I think it’s one of the most beautiful pieces of jazz ever composed. Listening to it is like watching snow through a window. The room is warm, something is roasting in the oven, and outside the flakes are falling faintly through the universe and upon the trees, the hedges, the rain gutters, the telephone poles, and the rooftops of a thousand apartment buildings in a very big city. This is where you want to be forever. This is Vince Guaraldi’s “Christmas Time Is Here.” It opens with a trembling bass, like someone coming out of the cold, stamping their feet, brushing the snow off their shoulders, hanging up their winter coat, rubbing and blowing on numb fingers, and entering the living room where there is a window for watching the flakes falling faintly upon all the buildings of the living.
In two weeks I’ll be flying back home to Florida (where our extended family lives; where we go every December; where we used to load up the 2002 Honda Odyssey and drive for fourteen hours straight, a vacation in of itself).
It is never a white Christmas, nor is it a particularly extravagant Christmas, but it is our Christmas, and it is perfect. There are things that I once considered flaws in the tradition, like the pull-out bed with an iron bar right where it’s least convenient for your spine, but now I see that it’s part of the grand gestalt of the experience.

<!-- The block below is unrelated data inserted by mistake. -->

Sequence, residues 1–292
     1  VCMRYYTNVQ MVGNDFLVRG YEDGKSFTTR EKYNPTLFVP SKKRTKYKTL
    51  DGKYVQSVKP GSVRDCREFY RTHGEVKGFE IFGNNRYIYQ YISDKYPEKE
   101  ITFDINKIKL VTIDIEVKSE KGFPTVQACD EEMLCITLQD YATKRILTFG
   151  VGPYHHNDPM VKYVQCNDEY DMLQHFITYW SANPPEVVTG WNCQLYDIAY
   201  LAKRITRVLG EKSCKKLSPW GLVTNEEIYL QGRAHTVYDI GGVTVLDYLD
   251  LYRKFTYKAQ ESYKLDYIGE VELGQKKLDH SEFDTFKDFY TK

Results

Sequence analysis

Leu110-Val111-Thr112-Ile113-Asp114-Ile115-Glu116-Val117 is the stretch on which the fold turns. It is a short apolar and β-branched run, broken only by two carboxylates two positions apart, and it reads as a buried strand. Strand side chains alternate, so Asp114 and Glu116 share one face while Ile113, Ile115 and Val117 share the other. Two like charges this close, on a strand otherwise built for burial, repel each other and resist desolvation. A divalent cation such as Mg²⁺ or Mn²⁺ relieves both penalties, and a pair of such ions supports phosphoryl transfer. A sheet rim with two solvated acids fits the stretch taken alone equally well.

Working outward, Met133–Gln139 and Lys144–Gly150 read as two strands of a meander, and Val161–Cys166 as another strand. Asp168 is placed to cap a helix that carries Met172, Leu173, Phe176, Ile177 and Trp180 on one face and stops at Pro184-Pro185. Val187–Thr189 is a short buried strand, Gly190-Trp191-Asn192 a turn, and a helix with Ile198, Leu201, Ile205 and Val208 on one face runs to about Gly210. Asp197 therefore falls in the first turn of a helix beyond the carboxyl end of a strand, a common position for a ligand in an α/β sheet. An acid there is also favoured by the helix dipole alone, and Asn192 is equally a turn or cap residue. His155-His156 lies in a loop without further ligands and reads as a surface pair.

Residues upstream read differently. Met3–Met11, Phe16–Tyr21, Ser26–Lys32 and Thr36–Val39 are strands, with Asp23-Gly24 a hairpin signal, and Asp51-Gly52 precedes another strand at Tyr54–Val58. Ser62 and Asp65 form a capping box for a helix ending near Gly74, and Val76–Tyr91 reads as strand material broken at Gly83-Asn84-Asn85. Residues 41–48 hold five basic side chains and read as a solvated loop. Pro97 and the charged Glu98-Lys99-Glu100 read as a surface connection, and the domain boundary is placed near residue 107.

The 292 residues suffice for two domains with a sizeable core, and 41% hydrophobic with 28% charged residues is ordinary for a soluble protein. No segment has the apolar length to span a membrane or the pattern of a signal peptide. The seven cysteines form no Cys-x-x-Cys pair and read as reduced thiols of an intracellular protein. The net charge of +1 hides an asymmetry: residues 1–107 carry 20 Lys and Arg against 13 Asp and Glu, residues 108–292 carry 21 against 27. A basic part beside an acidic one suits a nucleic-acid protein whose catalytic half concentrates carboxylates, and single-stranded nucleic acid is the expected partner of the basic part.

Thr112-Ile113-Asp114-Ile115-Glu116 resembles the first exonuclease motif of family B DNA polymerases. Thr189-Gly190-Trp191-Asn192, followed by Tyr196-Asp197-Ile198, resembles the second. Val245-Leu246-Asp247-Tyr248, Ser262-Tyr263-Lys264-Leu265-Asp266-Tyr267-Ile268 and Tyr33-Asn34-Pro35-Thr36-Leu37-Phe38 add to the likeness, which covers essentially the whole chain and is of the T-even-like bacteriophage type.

We joke a lot about how going home (whichever home that might be) feels a lot like regression, like traveling back in time. And I think a part of me — the part of me that couldn’t wait to be in high school, couldn’t wait to be in college, couldn’t wait to be a “real person” — resented that.
But with each passing year I recognize the ability to travel back in time to be more of a blessing: to have a home, to have means to get there, to have people who greet you with smiles and open arms (and just the right brands of soda.). None of these things are small or trivial, and I worry very often about taking them for granted as more and more moss grows around my life.
I know its a little after the fact to be so explicit about thankfulness, but its a Sunday morning and I’m listening to the Charlie Brown Christmas soundtrack in preparation for listening to it live later this evening. And, if we’re being honest, listening to it live later this evening is just preparation for listening to it in a couple weeks, in Florida, surrounded by the people with whom I am fortunate enough to grow young and old.
And I’ll be very warm there.
I hope you come in from the cold.